Photo: Francisco Cantu is a former border patrol agent by Beowulf Sheehan.
FROM THIS EPISODE
National Rifle Association CEO Wayne LaPierre spoke Thursday at the Conservative Political Action Conference outside Washington. He argued that politicians and media are taking advantage of the Florida shooting so they can push for tighter gun rules and get rid of the 2nd Amendment. The annual gathering of “the right” takes place in the shadow of the school shooting in Parkland, Florida. That attack -- and ensuing protests -- have generated a fresh round of debate about guns, schools, and safety.
The LAPD had more crazy car chases this week. In one chase, the driver of a stolen truck turned onto train tracks and drove into a subway tunnel. He almost got away. In another chase, the driver killed himself by drinking a cyanide solution and crashing into the center divider on the 101 freeway. We talk about how some drivers get away, and why technology might make the cop car chase obsolete.
Richard Winton, Reporter for the Los Angeles Times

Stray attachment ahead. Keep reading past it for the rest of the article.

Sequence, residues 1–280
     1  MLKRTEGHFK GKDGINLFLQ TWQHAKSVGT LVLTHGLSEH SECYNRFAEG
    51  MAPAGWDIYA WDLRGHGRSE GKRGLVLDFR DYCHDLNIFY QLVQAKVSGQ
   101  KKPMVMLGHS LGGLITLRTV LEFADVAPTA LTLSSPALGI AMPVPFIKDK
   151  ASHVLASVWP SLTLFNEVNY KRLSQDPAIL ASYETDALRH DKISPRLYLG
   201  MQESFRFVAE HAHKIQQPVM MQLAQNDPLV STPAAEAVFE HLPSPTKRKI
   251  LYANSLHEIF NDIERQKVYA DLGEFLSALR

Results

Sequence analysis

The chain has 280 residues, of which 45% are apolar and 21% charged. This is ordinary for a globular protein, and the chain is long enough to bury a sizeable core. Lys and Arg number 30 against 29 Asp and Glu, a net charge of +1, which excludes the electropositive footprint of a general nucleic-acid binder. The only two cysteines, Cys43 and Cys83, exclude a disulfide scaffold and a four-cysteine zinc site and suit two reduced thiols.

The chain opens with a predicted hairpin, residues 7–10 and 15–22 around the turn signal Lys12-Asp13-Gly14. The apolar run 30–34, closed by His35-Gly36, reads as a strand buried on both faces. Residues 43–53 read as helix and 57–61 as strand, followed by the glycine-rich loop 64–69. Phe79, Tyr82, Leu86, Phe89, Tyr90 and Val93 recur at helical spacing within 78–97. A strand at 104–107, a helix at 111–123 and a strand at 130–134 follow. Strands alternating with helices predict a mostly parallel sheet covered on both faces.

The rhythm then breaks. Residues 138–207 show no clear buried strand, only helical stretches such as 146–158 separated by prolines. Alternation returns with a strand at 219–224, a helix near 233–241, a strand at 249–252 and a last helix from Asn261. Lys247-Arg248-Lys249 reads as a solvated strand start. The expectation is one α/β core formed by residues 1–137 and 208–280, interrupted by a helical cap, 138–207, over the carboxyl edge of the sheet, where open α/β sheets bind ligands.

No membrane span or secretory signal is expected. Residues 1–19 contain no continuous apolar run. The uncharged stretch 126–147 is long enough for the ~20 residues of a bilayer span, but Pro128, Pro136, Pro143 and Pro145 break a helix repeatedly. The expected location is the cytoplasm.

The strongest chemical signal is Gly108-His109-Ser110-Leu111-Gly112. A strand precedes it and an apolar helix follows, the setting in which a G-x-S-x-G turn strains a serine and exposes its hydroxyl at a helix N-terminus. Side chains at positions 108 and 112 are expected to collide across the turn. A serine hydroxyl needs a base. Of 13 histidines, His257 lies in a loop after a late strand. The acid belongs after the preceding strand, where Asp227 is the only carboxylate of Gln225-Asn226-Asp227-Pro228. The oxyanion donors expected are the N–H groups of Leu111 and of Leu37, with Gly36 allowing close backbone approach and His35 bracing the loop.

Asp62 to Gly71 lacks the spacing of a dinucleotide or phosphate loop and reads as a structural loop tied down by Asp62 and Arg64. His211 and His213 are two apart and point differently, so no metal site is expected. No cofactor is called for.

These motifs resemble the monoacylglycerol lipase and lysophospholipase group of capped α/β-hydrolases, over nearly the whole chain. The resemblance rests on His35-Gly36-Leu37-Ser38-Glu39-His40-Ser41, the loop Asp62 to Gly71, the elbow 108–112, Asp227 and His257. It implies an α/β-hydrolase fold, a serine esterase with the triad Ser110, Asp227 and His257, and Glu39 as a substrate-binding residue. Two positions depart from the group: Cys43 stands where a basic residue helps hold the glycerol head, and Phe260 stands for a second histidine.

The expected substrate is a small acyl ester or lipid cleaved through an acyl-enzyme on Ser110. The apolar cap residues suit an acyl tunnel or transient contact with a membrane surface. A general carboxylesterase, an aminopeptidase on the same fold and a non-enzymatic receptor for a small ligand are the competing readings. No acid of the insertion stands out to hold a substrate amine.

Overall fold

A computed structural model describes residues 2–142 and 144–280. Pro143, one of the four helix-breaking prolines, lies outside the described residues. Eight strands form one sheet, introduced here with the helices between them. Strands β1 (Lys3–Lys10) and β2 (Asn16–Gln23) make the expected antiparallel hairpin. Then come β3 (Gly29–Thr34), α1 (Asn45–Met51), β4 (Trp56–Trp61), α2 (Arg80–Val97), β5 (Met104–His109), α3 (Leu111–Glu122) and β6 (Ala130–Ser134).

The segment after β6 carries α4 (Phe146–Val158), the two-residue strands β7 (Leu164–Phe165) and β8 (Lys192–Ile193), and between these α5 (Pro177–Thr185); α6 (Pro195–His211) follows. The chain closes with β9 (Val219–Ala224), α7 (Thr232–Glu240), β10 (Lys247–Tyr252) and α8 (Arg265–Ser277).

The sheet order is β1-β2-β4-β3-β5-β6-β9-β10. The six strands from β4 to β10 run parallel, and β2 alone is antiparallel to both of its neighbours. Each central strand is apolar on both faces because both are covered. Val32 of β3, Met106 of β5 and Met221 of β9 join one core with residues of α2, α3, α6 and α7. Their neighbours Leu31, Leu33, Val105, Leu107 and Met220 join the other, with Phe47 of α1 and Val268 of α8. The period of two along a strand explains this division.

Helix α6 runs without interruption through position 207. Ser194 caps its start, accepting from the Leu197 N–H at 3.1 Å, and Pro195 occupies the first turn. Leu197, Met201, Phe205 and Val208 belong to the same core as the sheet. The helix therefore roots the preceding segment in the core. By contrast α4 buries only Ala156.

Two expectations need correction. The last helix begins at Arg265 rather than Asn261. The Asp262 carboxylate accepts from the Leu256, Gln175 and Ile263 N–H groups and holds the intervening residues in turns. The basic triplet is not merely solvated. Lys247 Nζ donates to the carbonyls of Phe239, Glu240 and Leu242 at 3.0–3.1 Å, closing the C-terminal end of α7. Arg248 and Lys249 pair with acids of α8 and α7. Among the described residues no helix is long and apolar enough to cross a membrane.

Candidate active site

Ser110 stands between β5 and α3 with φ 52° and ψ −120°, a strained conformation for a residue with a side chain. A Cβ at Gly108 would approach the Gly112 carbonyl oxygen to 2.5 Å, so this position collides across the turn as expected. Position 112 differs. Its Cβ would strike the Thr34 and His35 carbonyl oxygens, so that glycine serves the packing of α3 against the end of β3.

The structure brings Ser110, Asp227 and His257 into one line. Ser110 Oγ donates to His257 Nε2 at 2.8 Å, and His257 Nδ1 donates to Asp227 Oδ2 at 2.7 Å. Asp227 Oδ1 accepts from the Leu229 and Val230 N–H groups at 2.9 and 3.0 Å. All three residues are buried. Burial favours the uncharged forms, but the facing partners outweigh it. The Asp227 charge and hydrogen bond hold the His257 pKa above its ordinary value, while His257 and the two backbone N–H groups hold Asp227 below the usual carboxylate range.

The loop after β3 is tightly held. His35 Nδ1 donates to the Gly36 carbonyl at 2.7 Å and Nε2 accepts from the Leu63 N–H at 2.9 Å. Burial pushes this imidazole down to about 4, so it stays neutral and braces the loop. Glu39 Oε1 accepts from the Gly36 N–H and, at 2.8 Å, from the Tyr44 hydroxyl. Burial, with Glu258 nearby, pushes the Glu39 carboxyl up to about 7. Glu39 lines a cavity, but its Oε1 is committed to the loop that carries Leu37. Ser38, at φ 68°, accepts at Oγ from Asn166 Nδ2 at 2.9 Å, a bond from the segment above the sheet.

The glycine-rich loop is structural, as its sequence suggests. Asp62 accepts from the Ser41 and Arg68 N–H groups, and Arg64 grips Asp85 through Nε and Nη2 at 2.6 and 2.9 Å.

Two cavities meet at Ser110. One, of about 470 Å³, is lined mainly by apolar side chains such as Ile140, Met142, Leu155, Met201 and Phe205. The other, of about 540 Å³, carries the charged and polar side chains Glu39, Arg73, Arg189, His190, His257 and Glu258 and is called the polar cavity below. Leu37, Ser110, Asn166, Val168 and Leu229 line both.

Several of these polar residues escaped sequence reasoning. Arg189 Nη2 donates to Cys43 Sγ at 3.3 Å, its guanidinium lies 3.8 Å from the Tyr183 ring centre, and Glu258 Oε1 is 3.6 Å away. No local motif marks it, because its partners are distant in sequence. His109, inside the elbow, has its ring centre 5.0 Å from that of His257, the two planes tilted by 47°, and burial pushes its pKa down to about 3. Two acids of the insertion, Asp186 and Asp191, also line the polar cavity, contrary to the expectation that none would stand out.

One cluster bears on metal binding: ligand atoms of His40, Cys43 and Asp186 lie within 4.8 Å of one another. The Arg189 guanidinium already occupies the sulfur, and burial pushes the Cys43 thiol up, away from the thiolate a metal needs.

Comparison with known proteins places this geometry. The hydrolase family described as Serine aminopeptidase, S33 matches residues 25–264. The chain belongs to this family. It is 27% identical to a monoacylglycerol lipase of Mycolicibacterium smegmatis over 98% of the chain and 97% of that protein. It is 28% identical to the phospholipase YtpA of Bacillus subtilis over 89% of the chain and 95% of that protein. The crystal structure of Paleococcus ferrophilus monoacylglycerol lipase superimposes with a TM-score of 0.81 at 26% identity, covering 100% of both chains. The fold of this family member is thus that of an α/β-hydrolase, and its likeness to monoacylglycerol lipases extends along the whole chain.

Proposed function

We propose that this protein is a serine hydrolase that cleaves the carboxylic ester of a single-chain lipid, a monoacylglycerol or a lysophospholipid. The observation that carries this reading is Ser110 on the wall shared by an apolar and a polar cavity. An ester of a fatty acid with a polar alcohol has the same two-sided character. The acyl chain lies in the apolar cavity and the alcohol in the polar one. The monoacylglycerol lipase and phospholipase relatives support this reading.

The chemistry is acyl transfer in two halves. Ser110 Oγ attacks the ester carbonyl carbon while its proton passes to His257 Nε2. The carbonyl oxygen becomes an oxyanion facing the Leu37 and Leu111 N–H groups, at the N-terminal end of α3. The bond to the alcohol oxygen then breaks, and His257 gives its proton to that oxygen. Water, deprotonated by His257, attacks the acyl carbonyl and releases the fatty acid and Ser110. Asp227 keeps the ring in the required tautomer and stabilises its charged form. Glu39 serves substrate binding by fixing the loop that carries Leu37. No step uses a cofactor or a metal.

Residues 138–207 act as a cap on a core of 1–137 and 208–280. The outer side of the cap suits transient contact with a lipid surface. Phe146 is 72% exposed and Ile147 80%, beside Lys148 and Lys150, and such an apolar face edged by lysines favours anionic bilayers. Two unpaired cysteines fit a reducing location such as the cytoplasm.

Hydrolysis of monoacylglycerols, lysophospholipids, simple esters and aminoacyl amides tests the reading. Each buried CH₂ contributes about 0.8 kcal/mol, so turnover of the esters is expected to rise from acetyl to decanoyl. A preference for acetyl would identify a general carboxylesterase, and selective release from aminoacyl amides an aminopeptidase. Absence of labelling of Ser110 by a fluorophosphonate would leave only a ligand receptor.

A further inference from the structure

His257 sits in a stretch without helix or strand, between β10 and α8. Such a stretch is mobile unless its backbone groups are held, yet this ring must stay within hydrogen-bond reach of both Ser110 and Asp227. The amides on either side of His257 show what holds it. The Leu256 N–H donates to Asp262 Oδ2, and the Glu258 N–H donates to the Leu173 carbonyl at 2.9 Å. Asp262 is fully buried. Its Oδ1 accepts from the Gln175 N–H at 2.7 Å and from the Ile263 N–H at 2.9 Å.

Francisco Cantu grew up near the U.S.-Mexico border, and he wanted to understand it better -- the policy fights over it, the people who cross it. So he joined the border patrol. We talk to him about what he saw as an agent, and why he quit.
Francisco Cantu is a former border patrol agent.
Photo by Beowulf Sheehan.
A new Stanford study found that by reducing sugar and other processed foods, and focusing on veggies and whole foods, a group of more than 600 adults lost weight -- without counting calories.
More From Press Play with Madeleine Brand
Trump signs order banning family separations, so what's next? Today President Trump signed an executive order banning family separations at the border. His “zero tolerance” immigration policy caused the separations in the first place. It’s been an explosive political issue, with even the first lady urging her husband to change course.
What happens to kids separated from their parents at the border? Some 2000 immigrant kids have been separated from their families at the border. Their parents could be deported while they remain here. It’s becoming more difficult to find relatives to take them in because they, too, are afraid of being deported.
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